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Am J Clin Nutr. 2001 Apr;73(4):687-702.

Evaluation of body fat in fatter and leaner 10-y-old African American and white children: the Baton Rouge Children's Study.

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  • 1Pennington Biomedical Research Center, Baton Rouge, LA 70808, USA.



Only a few published studies in children used several methods to compare body fat in large groups of fatter and leaner multiethnic children. We hypothesized that the preferred methods of determining body fat may differ in children with larger compared with smaller amounts of body fat, in boys compared with girls, and in African Americans compared with whites.


Our objective was to evaluate several methods of predicting body fat in 10-12-y-old white and African American boys and girls.


The body fat of 129 African American and white boys and girls aged 10-12 y, distributed equally by sex and race, was measured with use of dual-energy X-ray absorptiometry (DXA), underwater weighing (densitometry), isotope dilution (H(2)18O), bioelectrical impedance, skinfold thicknesses, corporal diameters, and circumferences.


With use of DXA as the criterion variable, body fat was bimodally distributed in the boys and skewed to higher values in the girls. Biceps skinfold thickness had the highest predictive value of any single skinfold thickness compared with DXA fat. All formulas for estimating body fat from skinfold thicknesses, body density, or impedance performed better in the children in the upper one-half of the fat distribution (the fatter children) than in those in the lower one-half (the leaner children). Body mass index was highly correlated with body fat (R2 = 0.77); there was a good correlation for the fatter children (R2 = 0.66) and no correlation for the leaner children (R2 = 0.09). The hydration of the fat-free mass was significantly higher in the fatter children than in the leaner ones (79.2% compared with 76.7%).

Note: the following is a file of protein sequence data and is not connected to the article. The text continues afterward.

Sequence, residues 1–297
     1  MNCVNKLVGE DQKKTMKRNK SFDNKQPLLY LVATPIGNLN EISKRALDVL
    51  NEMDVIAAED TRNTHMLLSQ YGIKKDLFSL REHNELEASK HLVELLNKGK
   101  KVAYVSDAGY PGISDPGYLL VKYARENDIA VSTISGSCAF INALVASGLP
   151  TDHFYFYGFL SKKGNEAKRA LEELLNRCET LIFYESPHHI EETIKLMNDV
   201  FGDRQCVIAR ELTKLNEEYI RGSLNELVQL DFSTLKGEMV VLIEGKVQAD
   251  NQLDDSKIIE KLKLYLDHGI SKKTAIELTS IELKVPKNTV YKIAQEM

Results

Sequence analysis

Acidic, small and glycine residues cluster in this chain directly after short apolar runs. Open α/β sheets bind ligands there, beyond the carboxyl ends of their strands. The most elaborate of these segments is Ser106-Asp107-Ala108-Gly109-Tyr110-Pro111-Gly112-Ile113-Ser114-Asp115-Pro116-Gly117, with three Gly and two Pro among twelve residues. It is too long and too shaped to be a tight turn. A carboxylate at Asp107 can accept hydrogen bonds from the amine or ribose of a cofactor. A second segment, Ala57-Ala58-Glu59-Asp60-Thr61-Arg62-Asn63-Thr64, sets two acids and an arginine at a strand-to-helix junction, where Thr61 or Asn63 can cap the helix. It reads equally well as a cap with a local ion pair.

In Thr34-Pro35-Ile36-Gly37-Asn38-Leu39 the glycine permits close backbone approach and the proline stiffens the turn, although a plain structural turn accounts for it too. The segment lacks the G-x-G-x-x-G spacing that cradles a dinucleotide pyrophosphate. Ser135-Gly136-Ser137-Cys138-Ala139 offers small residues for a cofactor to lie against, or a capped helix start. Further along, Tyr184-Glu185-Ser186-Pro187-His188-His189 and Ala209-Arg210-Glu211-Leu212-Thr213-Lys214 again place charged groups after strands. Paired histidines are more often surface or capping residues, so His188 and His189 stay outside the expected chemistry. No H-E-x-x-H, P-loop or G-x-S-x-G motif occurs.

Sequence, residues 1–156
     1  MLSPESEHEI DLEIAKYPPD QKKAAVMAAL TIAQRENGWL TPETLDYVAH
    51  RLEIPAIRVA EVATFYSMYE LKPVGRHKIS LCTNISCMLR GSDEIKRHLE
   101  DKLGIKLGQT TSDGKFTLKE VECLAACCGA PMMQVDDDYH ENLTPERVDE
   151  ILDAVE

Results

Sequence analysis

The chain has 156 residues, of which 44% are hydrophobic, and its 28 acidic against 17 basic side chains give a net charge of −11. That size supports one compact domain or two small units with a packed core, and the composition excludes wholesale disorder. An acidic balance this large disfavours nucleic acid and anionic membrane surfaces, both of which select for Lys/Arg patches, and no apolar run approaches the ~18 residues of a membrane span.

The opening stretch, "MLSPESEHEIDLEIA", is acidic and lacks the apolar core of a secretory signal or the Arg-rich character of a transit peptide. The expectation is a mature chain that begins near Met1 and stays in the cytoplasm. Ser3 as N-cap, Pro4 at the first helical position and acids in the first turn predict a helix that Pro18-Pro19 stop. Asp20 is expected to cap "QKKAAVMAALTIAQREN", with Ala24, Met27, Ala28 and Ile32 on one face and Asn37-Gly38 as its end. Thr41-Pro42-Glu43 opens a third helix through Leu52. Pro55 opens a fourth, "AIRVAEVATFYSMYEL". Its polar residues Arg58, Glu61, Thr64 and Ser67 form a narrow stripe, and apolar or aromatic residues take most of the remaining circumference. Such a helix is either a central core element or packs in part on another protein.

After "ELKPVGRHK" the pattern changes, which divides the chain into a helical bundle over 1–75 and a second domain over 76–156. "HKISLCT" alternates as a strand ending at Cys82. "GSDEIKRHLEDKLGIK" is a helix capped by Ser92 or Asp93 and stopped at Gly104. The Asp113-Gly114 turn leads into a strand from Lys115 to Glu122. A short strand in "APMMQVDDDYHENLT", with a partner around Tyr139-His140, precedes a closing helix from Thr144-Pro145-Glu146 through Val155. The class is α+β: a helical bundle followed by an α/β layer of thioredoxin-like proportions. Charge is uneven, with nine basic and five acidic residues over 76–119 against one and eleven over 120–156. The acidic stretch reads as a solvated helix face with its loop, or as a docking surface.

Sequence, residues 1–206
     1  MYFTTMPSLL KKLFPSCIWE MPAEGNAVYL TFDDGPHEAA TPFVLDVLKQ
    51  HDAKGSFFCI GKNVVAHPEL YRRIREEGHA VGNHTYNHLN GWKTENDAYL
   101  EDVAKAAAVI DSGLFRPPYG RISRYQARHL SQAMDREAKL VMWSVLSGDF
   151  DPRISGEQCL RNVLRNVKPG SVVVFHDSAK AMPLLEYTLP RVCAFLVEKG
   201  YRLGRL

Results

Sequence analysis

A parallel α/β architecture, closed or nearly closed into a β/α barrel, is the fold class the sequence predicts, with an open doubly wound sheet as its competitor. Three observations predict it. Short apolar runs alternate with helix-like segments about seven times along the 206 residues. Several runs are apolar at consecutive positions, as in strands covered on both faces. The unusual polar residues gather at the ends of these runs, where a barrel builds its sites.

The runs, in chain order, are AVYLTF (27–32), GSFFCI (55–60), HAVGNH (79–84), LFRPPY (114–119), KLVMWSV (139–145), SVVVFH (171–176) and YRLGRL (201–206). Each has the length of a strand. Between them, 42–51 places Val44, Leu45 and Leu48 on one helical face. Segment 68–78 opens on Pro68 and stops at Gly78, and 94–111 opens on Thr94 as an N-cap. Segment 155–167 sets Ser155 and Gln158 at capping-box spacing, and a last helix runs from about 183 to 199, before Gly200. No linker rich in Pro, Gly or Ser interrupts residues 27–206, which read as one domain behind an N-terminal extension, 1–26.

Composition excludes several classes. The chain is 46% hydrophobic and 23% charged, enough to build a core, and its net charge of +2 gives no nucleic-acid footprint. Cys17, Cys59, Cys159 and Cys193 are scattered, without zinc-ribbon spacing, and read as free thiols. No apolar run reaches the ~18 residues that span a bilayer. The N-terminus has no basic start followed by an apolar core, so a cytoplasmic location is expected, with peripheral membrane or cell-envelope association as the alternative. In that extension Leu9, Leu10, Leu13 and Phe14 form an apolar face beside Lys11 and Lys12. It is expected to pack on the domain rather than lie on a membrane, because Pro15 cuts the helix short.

These data are consistent with the hypothesis that all methods of estimating body fat work better in children with larger amounts of body fat. The best formulas use skinfold thicknesses, bioelectrical impedance, and a 4-compartment model.

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